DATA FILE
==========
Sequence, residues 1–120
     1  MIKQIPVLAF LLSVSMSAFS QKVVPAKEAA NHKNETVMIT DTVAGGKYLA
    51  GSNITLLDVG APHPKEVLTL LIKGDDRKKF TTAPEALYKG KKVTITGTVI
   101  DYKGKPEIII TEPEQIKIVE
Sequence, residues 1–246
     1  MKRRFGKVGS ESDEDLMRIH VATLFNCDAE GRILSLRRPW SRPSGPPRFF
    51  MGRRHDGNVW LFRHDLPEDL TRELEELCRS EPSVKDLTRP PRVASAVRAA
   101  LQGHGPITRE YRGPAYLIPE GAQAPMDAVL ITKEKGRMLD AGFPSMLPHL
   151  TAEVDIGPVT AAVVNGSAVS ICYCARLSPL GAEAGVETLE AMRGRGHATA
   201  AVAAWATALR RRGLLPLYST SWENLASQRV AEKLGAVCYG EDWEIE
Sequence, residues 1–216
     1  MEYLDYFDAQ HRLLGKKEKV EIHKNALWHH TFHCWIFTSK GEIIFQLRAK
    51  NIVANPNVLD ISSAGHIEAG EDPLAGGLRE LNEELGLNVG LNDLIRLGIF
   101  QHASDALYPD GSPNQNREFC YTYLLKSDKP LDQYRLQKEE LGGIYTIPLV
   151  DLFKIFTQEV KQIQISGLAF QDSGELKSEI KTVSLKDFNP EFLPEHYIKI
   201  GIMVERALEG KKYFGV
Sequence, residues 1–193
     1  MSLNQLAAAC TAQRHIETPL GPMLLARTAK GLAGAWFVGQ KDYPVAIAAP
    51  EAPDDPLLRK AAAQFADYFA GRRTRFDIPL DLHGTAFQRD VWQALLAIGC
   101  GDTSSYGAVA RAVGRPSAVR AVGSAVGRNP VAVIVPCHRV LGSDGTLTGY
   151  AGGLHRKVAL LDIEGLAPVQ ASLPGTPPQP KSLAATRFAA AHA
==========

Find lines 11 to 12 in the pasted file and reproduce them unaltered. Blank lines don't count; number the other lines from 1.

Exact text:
Sequence, residues 1–216
     1  MEYLDYFDAQ HRLLGKKEKV EIHKNALWHH TFHCWIFTSK GEIIFQLRAK